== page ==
Shedding Light on Why Addiction is a Brain Disorder
There is a long-standing argument about addictive behavior, and whether addiction is a brain disorder or a behavioral-related issue. According to a new study by The American Society of Addiction Medicine (ASAM), addiction is now officially described as a chronic brain disorder.
Long-Standing Beliefs About Addiction Are About To Change
For years, people believed addiction was a problem stemming from behavioral issues or a lack of a moral compass. For this reason, a stigma has been built around addiction, with many people maintaining the false assumption that addicts are bad people and that their addiction is simply bad decision making.
The fact is that addiction can affect anyone. The current opioid epidemic in America is evidence enough that addiction reaches far and wide. It has no discrimination when it comes to race, wealth, gender, or education. There are well-to-do families in quiet suburban communities watching their family members succumb to opiate overdose, while the same is happening in urban communities and rural communities. The epidemic is sparing no population.
This stigma is exactly what prevents people from asking for the help they need. Families feel embarrassed and don’t want their communities to know that their son or daughter is an addict. Addicts are afraid to tell their families they have addiction problems because they worry about isolation. Less than half of the people who have an addiction to drugs or alcohol actually get the help they need. The new finding that addiction is a brain disorder might help to change those numbers and make people feel more comfortable about getting the help they need.
Addiction is a Brain Disorder. Here’s Why.
After a four-year study by ASAM, addiction was defined as a chronic brain disorder that does not simply rely on the person’s substance or action of choice. Dr. Michael Miller, the past president of ASAM who oversaw the study, says, “At its core, addiction isn’t just a social problem or a moral problem or a criminal problem. It’s a brain issue, driven by substance abuse, with associated behaviors that result in serious, real-world problems. But the disease is about brains, not drugs. It’s about underlying neurology, not outward actions.”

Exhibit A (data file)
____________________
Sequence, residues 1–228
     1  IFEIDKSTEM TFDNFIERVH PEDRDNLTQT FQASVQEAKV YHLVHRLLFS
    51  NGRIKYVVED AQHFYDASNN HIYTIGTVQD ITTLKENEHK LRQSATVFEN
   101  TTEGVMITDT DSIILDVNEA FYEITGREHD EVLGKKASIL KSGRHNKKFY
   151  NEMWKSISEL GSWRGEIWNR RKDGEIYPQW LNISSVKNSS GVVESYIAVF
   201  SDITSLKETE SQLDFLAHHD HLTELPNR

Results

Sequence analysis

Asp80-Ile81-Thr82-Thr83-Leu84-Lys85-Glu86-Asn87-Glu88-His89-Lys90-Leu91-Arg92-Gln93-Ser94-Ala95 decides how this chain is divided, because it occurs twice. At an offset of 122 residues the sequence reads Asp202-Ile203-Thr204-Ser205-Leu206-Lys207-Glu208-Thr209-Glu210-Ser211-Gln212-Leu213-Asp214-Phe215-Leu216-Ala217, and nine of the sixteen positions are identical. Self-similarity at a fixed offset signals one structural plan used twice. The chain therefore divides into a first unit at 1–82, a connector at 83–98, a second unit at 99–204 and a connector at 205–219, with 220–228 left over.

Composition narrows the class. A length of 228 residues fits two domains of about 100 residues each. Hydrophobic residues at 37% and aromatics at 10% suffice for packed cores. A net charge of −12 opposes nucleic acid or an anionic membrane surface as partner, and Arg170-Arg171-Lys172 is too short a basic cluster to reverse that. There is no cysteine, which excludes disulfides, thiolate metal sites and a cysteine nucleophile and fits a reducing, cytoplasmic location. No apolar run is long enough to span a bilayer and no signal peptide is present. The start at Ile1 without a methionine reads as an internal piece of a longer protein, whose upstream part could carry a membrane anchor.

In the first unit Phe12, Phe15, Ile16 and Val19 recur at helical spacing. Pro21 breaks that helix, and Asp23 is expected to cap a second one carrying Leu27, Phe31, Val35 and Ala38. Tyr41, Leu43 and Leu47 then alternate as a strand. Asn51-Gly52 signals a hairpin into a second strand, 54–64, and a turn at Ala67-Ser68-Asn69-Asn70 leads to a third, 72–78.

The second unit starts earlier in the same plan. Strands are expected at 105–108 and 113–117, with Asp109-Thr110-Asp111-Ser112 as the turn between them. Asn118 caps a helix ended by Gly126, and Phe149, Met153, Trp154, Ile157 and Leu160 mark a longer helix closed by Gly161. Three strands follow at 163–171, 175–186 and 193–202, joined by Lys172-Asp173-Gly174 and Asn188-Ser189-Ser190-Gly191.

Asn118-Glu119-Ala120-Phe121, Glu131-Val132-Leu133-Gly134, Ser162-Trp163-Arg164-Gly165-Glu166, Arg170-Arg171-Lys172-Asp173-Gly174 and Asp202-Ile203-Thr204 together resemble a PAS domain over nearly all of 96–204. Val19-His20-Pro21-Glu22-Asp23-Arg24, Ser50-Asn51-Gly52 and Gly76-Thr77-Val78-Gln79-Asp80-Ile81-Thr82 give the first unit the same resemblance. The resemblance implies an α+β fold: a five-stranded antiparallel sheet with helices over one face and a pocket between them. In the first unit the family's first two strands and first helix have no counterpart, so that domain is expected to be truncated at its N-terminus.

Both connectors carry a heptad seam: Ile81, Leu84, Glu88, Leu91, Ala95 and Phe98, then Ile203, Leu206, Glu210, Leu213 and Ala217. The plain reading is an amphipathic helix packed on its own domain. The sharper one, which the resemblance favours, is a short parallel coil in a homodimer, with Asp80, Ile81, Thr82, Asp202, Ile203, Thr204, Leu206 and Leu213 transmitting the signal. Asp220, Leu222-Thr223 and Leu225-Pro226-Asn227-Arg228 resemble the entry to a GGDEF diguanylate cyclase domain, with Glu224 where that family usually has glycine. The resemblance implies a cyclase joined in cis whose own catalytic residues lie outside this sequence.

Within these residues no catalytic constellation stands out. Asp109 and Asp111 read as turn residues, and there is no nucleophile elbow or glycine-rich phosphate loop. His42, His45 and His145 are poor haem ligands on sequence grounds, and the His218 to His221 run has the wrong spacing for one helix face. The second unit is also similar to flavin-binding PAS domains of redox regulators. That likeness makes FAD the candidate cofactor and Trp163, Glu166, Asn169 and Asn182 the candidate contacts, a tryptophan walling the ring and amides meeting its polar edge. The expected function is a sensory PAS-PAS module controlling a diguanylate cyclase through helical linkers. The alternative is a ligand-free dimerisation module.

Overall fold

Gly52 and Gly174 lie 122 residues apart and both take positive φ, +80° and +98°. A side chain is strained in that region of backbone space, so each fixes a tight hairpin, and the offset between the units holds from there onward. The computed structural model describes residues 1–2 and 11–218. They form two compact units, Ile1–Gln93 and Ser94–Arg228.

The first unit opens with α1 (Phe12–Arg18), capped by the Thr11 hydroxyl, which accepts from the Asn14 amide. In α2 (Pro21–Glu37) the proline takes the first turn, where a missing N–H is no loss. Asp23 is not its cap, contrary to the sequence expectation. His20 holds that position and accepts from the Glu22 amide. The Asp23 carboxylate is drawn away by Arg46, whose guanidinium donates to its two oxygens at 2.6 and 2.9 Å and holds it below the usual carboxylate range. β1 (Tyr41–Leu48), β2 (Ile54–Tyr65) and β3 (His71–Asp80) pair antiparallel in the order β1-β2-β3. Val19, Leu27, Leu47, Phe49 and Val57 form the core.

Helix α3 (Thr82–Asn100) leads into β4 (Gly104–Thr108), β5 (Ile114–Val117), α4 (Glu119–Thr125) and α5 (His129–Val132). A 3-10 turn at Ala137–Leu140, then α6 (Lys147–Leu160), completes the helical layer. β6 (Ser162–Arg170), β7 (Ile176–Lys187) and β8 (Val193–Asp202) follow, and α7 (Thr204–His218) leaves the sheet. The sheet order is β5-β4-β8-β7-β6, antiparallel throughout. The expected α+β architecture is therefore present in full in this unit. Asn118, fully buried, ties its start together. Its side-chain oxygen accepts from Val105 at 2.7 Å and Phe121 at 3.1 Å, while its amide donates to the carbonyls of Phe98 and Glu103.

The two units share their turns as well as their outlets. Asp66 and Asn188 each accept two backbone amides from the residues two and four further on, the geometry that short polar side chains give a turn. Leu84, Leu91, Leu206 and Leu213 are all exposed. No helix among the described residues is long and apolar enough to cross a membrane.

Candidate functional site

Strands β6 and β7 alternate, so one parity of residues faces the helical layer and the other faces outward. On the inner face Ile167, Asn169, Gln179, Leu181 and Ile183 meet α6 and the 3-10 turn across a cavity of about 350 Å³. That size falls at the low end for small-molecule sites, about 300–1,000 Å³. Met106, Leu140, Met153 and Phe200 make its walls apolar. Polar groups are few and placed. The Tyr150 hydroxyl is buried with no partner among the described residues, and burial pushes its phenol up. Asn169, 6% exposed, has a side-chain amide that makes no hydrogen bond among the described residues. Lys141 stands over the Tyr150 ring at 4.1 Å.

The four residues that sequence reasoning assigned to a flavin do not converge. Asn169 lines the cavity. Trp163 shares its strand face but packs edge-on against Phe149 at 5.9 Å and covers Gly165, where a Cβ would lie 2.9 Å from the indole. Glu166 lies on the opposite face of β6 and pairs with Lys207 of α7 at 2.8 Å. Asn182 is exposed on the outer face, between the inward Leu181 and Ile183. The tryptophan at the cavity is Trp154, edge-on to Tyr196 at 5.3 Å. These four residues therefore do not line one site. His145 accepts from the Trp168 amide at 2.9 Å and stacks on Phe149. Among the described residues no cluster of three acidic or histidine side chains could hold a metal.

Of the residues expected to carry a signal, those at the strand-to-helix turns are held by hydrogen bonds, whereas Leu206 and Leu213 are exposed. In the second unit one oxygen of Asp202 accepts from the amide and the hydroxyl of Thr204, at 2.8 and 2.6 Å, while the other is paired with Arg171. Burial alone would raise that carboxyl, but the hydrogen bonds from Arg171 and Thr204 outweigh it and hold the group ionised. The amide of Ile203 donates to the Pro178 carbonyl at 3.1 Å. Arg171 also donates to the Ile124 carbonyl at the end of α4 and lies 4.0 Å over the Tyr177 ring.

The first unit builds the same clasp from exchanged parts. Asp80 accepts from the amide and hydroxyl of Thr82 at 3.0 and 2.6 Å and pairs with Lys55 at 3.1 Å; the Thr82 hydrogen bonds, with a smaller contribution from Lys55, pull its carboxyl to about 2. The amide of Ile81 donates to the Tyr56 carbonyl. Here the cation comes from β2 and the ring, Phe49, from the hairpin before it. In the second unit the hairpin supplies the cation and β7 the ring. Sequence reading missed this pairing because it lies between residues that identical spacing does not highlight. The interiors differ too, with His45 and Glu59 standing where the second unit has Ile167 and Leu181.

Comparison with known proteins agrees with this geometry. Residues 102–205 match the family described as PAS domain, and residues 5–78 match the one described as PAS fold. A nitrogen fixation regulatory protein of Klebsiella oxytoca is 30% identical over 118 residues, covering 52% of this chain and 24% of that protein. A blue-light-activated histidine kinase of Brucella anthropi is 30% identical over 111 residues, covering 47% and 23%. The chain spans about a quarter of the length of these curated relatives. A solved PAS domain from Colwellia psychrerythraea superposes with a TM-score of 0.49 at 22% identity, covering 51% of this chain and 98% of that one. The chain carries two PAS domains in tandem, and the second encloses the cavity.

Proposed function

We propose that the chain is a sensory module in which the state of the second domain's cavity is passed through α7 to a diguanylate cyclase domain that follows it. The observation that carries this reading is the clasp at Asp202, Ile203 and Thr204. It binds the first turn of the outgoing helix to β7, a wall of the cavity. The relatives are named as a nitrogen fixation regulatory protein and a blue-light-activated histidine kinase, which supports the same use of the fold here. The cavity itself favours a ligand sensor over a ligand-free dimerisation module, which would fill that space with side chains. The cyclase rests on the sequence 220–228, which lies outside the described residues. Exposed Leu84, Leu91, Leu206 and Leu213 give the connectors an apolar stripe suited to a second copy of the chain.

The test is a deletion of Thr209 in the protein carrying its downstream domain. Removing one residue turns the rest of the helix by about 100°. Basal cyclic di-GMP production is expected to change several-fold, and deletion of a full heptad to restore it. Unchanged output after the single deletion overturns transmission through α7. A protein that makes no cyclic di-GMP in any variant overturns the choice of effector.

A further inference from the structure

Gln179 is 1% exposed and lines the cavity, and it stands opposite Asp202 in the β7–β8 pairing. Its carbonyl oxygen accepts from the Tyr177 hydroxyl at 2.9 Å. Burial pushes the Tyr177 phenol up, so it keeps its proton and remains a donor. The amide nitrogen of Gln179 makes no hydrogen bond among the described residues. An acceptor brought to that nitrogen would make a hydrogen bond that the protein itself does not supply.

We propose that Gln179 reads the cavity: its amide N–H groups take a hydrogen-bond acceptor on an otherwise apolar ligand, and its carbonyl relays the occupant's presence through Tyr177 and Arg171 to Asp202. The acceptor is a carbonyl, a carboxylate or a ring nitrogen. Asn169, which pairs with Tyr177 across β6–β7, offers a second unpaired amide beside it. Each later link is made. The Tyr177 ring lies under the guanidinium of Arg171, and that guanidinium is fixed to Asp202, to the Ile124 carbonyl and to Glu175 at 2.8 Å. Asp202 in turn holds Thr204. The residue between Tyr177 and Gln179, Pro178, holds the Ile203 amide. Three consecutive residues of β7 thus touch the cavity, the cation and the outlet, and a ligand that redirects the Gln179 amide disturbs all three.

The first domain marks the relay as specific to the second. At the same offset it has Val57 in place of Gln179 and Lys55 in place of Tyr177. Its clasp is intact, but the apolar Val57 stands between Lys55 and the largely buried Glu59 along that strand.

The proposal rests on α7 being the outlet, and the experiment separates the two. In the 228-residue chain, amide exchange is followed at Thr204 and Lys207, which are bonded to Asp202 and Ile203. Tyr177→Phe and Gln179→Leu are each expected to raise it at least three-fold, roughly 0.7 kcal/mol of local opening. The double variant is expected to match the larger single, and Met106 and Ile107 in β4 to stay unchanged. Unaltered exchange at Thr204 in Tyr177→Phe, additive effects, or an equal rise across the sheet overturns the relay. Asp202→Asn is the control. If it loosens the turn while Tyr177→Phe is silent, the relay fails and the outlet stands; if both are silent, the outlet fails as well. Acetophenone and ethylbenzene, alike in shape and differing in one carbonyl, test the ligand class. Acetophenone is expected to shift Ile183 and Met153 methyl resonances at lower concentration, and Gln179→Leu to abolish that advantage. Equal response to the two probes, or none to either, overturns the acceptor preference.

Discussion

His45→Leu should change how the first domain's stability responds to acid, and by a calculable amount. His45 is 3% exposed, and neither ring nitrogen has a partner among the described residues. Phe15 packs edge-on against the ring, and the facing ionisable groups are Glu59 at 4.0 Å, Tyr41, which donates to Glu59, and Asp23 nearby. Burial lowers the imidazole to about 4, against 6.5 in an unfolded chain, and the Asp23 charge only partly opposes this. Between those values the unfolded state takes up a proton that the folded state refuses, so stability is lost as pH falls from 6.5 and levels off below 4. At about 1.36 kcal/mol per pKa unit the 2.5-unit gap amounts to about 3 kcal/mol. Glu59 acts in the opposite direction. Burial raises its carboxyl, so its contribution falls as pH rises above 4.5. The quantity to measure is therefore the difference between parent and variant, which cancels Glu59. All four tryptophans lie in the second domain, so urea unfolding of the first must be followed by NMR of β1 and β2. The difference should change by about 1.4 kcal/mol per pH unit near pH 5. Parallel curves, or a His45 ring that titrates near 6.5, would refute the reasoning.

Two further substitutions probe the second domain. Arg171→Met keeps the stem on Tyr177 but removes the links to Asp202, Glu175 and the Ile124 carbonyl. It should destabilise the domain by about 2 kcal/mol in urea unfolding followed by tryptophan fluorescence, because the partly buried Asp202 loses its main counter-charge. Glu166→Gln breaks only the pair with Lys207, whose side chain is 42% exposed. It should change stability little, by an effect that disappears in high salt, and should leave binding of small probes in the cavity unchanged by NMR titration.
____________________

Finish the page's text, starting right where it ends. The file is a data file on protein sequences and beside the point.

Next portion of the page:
People perceive addiction as a secondary disease to other mental and mood disorders like anxiety and depression. This study provides alternative claims, showing addiction is, in fact, a primary disease. As a result of this research, those struggling with addiction should receive treatment for the primary condition it is. The study also draws correlations to other diseases like diabetes and cancer. Individuals need treatment and monitoring for related conditions. Just like these diseases, addiction isn’t something that just goes away on its own.
The Science Behind Addiction in the Brain
The brain is an incredibly powerful organ, and addiction is a testament to that. When a person experiences addiction, their brain’s reward system learns to rely on their substance of choice, meaning that a person will react to it and attempt to fulfill that feeling with drugs or alcohol. This feeling is something that is so strong that people will stop at nothing to get their next fix. To them, it is a sincere matter of survival. Other responsibilities and issues become secondary.
This supports the fact that addicts do not have control of their behavior after a certain point. Dr. Raju Hajela, former president of the Canadian Society of Addiction Medicine and chair of the ASAM committee states “The disease creates distortions in thinking, feelings and perceptions, which drive people to behave in ways that are not understandable to others around them.” Hajela said in a statement, “Simply put, addiction is not a choice. Addictive behaviors are a manifestation of the disease, not a cause.”
What Does This Mean For Recovery?
When it comes to recovery, there is no magic pill for addiction treatment. In sustained sobriety, it is up to the individual to make healthy life decisions in order to keep their addiction in remission. Just as a person with heart disease should live a healthy lifestyle, so should that of a recovering addict. And, just like a person with heart disease should take medication for high blood pressure, an addict should manage conditions like anxiety or depression.
These findings also mean that the stigma around addiction needs to be tossed aside. Addicts aren’t bad people who don’t care and just make bad decisions because it is the easy way out. They are people who are suffering from brain disorders that affect their day to day thinking and behavior. Shunning them will only further the stigma and cause fewer people to come forward.
This also means that people in addiction recovery shouldn’t give up. An individual can manage heart disease to ensure a long happy, healthy and fulfilling life; the same is true of addiction. It is not a death sentence, nor a pretend ailment, nor is it easy to dismiss with a few counseling sessions. Addiction is a brain disorder and requires treatment as such for successful results.